MUCZYNSKI: Symphonic Dialogues. GRIFFES: Three Poems of McCloud. BRANDON: Celebration Overture. OSBON: Liberty. KLESSIG: Don Juan: Meditation. LAMB J.B. II. FELCIANO: Overture Concertante
MUCZYNSKI Symphonic Dialogues. GRIFFES Three Poems of Fiona McCloud1. BRANDON Celebration Overture. OSBON Liberty. KLESSIG Don Juan: Meditation. LAMB J.B. II. FELCIANO Overture Concertante – Paul Freeman, cond; Czech National SO; Louise Toppin (sop); Jean-Michel Bertelli (cl) – ALBANY TROY-322 (62:58)
This recent release is a rather odd grab-bag of styles and periods in American music, from an “old master” like Charles Tomlinson Griffes to a composer still in his 30s, like David Osbon. And the entire production is introduced by the conductor himself, who reads nearly six minutes of program notes before the music begins (a little strange, isn’t it?–I wonder what the thinking was).
The most notable entry on the program is Robert Muczynski’s Symphonic Dialogues. As well represented as Muczynski is on disc today, very little of his orchestral music has been recorded. Truth to tell, there isn’t that much of it, and what little there is tends to lack the urgency, conviction, and distinction so characteristic of his chamber and solo piano works. Composed in 1965, Symphonic Dialogues exemplifies the lively, syncopated, but generic neoclassicism that was the lingua franca of American composers during the 1950s. (The title refers to the prominence of dyadic interaction among the instruments throughout the work.) The piece is well crafted, with a darkly driven quality that gives it some real bite. But its expressive range and character seem a little too comfortably contained within the parameters of the medium. Listeners who have developed a fondness for Muczynski’s chamber works will no doubt want to hear this piece for themselves. Freeman leads an incisive performance that represents the work quite effectively.
If Muczynski’s piece sounds a bit dated, consider the fact that Sy Brandon’s Celebration Overture sounds exactly as if it were written for a Midwestern college band in about 1955 — yet it was actually composed for orchestra forty years later! Lively, robust, and exuberant, it was written to honor the anniversary of a local FM radio station. According to the program notes, Brandon, now based in Pennsylvania, earned his doctorate at the University of Arizona, where Muczynski was Professor of Composition for many years. In view of their stylistic affinity, it is not unlikely that their paths crossed in one way or another. Let me be clear about one thing: in discussing these two pieces, I use the term “dated” as a point of socio-historical description — not as criticism. As regular readers know, I do not adhere to a view in which the acceptability of a musical style is determined by the calendar. My only criticism of either of these works follows from their generic, rather than individualistic, personalities.
The short-lived (1884-1920) Charles Tomlinson Griffes was probably the most artistically successful American composer of the first two decades of this century. His Three Poems of Fiona McCloud, dating from 1918, constitute by far the earliest and best-known music among the motley assortment of pieces on this disc. Along with the Piano Sonata, composed at about the same time, the McCloud (aka William Sharp) settings are his greatest works, exhibiting an opulent intensity that call to mind Strauss and even Barber. North Carolina-based soprano Louise Toppin has a lovely voice and offers a fine rendition of these wonderful songs, although listeners who are chiefly interested in the Griffes are likely to turn to other recordings that offer more compatible programs.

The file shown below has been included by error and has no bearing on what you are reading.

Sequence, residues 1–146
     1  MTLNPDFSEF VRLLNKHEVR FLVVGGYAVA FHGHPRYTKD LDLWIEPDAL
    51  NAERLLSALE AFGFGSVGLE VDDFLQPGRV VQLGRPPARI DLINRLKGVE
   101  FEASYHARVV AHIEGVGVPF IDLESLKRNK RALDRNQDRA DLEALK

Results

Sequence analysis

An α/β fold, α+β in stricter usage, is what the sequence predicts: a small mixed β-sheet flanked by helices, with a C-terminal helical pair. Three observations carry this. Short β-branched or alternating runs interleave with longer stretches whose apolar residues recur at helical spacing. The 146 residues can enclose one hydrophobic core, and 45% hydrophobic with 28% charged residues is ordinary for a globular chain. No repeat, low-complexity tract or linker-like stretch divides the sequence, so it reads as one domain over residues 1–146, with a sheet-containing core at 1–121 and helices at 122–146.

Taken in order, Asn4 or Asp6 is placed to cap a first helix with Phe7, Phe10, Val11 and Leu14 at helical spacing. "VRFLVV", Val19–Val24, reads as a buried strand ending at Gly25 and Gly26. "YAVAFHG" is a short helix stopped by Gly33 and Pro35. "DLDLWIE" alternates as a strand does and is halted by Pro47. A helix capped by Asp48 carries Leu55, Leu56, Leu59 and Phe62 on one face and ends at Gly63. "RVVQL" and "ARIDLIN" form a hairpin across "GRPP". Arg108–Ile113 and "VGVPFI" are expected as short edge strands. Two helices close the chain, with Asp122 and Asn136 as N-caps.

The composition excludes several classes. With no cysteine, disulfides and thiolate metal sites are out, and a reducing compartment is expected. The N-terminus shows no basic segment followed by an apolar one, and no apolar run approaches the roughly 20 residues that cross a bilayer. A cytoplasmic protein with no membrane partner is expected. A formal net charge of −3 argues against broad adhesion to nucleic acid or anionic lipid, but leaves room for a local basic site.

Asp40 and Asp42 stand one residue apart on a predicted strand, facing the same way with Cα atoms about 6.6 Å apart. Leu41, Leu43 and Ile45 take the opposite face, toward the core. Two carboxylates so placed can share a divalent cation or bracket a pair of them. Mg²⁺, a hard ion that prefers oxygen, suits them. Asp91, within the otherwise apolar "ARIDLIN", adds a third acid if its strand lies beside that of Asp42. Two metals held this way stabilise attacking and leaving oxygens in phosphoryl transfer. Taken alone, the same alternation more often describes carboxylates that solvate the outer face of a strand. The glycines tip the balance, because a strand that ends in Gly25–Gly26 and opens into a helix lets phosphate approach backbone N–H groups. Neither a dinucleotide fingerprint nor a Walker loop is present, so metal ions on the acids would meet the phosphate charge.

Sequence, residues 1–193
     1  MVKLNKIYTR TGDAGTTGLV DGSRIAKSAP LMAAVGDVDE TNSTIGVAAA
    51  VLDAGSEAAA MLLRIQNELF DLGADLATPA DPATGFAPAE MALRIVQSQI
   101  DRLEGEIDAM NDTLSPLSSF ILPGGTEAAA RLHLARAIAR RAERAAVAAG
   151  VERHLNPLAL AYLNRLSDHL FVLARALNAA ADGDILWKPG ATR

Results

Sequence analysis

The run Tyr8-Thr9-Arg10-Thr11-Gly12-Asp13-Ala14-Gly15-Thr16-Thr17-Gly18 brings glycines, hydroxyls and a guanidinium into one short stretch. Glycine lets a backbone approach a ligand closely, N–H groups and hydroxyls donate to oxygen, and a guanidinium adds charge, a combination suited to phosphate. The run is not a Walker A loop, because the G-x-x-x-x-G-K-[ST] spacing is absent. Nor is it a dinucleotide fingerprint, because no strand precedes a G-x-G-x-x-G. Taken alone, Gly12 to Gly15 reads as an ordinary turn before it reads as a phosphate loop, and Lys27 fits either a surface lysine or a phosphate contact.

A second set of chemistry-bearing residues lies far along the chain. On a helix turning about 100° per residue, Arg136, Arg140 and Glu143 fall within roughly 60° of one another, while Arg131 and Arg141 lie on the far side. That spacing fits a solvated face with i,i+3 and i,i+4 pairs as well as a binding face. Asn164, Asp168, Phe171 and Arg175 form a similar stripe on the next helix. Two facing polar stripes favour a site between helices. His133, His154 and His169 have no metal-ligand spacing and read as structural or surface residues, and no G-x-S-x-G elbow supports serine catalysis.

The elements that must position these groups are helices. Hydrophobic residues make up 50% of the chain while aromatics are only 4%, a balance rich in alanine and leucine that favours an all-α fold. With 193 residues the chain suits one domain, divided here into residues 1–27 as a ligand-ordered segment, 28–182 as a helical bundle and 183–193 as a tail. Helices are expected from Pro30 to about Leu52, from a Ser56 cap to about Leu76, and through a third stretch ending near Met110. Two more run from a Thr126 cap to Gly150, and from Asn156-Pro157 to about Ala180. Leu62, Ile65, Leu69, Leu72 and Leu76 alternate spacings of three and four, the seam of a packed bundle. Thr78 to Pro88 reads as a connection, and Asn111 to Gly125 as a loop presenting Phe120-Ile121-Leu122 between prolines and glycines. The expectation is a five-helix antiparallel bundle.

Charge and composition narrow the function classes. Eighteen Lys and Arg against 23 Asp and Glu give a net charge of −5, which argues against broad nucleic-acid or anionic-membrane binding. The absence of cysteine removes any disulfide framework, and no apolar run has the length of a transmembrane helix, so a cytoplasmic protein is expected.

The other fairly ambitious work on the disc is the Overture Concertante for clarinet and orchestra, by Richard Felciano, who is currently based at USC Berkeley. This 14-minute piece was written for clarinetist Jean-Michel Bertelli, who gave the premiere in 1996. If one were to be glib and facile, one might dismiss the piece as a small-scale knock-off of John Corigliano’s Clarinet Concerto, as it partakes of a similarly wide-ranging eclecticism, built largely around coloristic and gestural ideas, but not without a moment or two of surprisingly touching lyricism. It is the kind of piece that can be effective in a live performance, but is not likely to sustain interest with deeper acquaintance. Soloist Bertelli does a fine job, however.
Perhaps the oddest selection is the brief “Meditation” from jazz pianist Richard Klessig’s 1996 ballet score Don Juan. This is a very simple, but very pretty fugal excerpt in a neo-Baroque style. The performance is less precise and polished than most of the others, but the music achieves its effect.
Somewhat interesting is the 8-minute tone poem JB II by Marvin Lamb, currently the Dean of Fine Arts at the University of Oklahoma. This 1985 work was supposedly inspired by Archibald MacLeish’s play JB, but whatever relationship between the two works may have been in the composer’s mind is not apparent to this listener. The music is a rather haunting contemplation in a language of attenuated tonality, and features extended woodwind solos. But the work fails to hold one’s attention in its attempt to sustain a reflective mood. This performance also is a bit rough and ragged around the edges.
Least successful of all is the 7-minute overture called Liberty, by English-born, American-trained David Osbon. The piece is supposed to be a deliberately ironic and ambivalent commentary on the history of the city of Philadelphia. However, the music itself is just raucous, unpleasant, and unconvincing.